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AMD Ryzen 5 5600G Review: Cezanne Comes to Retail w/ Vega Graphics (Yet Again)

AMD is all set to launch the Ryzen 5000G APUs (codenamed Cezanne) for the retail market, with major retailers expected to get stock by the 5th of August. The review embargo for these 7nm APUs has just lifted, and you should start seeing reviews of the 5600G and the 5700G just about everywhere. In this particular post, we’ll be having a look at the Ryzen 5 5600G which is a budget-centric offering, targeted at DIYers who’d usually opt for the Core i5-11600. While the raw CPU performance should be on par (or a tad bit lower) with the latter, it’s the accompanying Vega 7 iGPU that’s the main highlight.

The 5600G is rather unique, as it lets us analyze the impact of the L3 cache on performance, as well as the viability of integrated graphics in a sub-$300 processor.

In terms of the insides, the 5600G is pretty much identical to the mobile-grade Ryzen 5 5600H, featuring six Zen 3 cores running at a boost clock of 4.4GHz (vs 4.6GHz on the 5600X), 16MB of L3 cache (32MB on the 5600X), paired with a Vega 7 iGPU @ 1.9GHz and a TDP of 65W. Unlike the 5600X, it lacks support for PCIe Gen 4 and instead comes with 24 Gen3 lanes.

Thanks to a lack of competition, the APU market has been largely neglected by AMD over the past few years. The prominent contemporary APUs include the Ryzen 5 3400G and 3200G, both based on the Zen+ core and yes, 12nm Vega graphics. As such, the Ryzen 5000G processors should bring a substantial boost over their predecessors in terms of CPU performance.

However, on the GPU side, not so much, as we’re essentially looking at a node shrink of the same Vega architecture, and that too with fewer compute units (11 vs 7).

Before heading onto the benchmarks, let’s have a look at the cache latency and bandwidth of Cezanne and Vermeer, and see if there’s a tangible difference between the two. Keep in mind that while the former features half as much L3 cache as the latter, the bandwidth, and latency of the lower-level caches should be more or less identical:

Using the same test setup and memory, the 5600G is surprisingly a tad bit faster than the 5600X across all loads. While this delta is quite small, it’s consistent across most tests (and workloads) and likely boils down to the IMC of the APU (which is the same as the mobile Cezanne parts).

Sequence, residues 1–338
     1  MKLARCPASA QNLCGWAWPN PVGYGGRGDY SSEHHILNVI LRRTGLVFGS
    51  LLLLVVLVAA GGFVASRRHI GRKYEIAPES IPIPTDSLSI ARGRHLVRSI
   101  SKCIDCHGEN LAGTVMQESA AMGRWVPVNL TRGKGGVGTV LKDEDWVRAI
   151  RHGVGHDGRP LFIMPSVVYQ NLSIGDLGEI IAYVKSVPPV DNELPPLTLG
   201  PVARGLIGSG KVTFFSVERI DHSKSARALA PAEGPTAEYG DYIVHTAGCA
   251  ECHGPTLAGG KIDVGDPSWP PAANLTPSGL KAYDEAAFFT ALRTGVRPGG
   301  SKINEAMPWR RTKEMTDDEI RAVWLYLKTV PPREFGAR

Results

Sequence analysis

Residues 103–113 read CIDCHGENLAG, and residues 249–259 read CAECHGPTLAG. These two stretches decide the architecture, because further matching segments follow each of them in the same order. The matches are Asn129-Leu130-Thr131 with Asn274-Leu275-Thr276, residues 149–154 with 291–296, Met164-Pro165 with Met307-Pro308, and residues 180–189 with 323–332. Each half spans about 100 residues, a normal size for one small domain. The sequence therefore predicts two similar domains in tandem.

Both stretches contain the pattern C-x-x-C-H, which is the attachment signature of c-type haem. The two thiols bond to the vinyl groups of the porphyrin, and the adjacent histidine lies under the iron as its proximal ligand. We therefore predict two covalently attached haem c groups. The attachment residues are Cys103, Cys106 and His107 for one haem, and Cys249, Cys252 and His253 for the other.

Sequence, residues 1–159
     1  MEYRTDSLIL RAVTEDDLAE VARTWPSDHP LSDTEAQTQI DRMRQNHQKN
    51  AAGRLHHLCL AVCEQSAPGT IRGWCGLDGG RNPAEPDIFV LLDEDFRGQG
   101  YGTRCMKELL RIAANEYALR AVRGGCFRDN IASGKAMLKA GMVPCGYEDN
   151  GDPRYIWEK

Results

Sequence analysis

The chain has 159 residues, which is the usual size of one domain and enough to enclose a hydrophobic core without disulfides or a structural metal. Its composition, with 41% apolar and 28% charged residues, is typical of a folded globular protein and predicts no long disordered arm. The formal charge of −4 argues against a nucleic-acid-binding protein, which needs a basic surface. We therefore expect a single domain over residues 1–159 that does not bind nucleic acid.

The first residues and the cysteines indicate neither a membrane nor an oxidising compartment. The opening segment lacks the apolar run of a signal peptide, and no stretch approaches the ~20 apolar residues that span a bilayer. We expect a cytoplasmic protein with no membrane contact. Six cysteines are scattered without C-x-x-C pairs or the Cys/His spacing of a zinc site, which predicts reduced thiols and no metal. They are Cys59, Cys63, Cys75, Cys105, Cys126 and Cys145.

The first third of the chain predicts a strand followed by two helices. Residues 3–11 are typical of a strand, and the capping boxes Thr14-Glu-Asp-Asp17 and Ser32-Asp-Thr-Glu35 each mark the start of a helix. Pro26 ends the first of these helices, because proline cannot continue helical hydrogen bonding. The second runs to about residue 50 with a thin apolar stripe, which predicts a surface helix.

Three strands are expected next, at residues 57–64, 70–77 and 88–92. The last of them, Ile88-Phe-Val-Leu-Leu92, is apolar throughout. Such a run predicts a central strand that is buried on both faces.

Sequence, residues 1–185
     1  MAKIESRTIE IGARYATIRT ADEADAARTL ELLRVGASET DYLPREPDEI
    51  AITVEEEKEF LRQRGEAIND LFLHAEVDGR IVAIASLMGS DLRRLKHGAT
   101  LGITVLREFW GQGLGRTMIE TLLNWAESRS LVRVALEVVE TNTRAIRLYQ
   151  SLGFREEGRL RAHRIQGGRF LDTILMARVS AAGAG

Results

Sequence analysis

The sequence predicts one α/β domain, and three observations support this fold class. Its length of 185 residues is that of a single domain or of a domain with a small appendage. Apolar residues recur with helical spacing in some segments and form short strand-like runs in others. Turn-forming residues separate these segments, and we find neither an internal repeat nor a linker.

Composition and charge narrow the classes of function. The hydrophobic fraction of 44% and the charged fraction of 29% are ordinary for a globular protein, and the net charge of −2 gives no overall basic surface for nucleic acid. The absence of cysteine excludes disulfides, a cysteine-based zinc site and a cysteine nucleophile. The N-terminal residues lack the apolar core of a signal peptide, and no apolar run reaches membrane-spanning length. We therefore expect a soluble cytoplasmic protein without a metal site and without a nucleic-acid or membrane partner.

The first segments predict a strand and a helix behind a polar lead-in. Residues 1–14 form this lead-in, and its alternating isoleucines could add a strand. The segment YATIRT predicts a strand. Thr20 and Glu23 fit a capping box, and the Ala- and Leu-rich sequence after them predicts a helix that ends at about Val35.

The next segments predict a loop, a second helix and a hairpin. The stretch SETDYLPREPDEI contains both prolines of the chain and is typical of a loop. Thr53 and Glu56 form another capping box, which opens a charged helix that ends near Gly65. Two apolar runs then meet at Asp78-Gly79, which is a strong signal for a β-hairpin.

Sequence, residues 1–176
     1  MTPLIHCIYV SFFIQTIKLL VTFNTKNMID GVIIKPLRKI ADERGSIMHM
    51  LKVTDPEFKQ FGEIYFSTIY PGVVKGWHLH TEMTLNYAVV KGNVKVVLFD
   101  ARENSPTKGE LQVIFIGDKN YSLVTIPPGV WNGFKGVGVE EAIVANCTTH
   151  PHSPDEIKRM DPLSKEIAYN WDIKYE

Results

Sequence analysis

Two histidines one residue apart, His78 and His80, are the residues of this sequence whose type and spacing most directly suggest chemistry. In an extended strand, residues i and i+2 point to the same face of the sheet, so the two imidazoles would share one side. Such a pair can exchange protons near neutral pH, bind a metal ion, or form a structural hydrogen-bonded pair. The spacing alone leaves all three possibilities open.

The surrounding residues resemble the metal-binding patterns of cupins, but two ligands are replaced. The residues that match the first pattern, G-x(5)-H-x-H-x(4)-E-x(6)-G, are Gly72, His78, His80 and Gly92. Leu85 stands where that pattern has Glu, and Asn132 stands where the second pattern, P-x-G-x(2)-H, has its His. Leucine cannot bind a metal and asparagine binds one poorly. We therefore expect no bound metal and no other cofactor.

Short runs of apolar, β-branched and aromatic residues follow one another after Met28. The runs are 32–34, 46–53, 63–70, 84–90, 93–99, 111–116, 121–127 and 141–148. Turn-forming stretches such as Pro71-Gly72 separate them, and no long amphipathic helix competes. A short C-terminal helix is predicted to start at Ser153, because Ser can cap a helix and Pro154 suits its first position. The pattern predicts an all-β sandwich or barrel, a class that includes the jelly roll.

With respect to the cache latency, the results are reversed. The Ryzen 5 5600G (red) falls behind the 5600X (blue) as the load size increases over 8MB (its L3 cache=16MB; 5600X has 32MB), catching up as the data becomes too large for the cache and is fetched from the main memory.

Test Bench

  • Motherboard: MSI B550M Mortar WiFi
  • GPU: NVIDIA RTX 3070 FE
  • Memory: Corsair Vengeance LPX 8GBx2 @ 3600 MT/s CL18
  • Cooler: NZXT Kraken X72 w/ NZXT H710i
  • PSU: Corsair H1000i
  • Please note both CPUs were set to 4.6GHz, but as we’ve seen the 5600X generally boosts slightly higher than spec.

Content Creation Benchmarks

Even with the core frequencies nearly equalized, the Ryzen 5 5600X manages to edge past the 5600G in Cinebench R20 and R23, although the gains are hardly worth mentioning.

FPS

The performance of the two processors across other rendering applications is more or less similar, although, in Corona 1.3, the 5600G falls behind by a larger margin. In Blender and POV, the differences aren’t quite substantial

Seconds

Encoding and Compression/Decompression

Higher is better
Time Taken in seconds (lower is better)

7-zip’s LZMA compression and decompression algorithms seem to benefit from the extra cache on the 5600X, but encoding performance (both H264 and H265) in Handbrake is largely the same on both the Zen 3 parts.

Gaming Performance w/ dGPUs

The difference in the gaming performance of the two processors is much smaller than I expected. In titles like The Division 2 and Strange Brigade, the two chips are within a few FPS of one another. Here, the extra (twice as much) L3 cache on the 5600X isn’t really helping. However, other titles like Far Cry 5 and Shadow of the Tomb Raider do see a notable gain with the 5600X, 14% in the former, and 10% in the latter. This just goes on to show that the battle between Intel’s Alder Lake and Zen 3D will be long and drawn out, with the former winning mostly in content creation and transcoding/compression/decompression and the latter mostly in gaming.

Integrated Vega 7 Graphics: Gaming Benchmarks

The integrated Vega 7 GPU is able to run most older games at 720p high or 1080p low. Even more recent titles such as Godfall are able to push close to 20 FPS at the Epic Quality preset with FSR set to Balanced. As you can see, the 5600G is a rather decent APU for low-end and entry-level gaming. However, if you’re planning to buy a dGPU sometime in the future, it’s recommended to opt for the 5600X instead, as you’re essentially getting 10-15% additional gaming performance for just $30 more.

Areej

Computer Engineering dropout (3 years), writer, journalist, and amateur poet. I started my first technology blog, Techquila while in college to address my hardware passion. Although largely successful, it was a classic example of too many people trying out multiple different things but getting nothing done. Left in late 2019 and been working on Hardware Times ever since.

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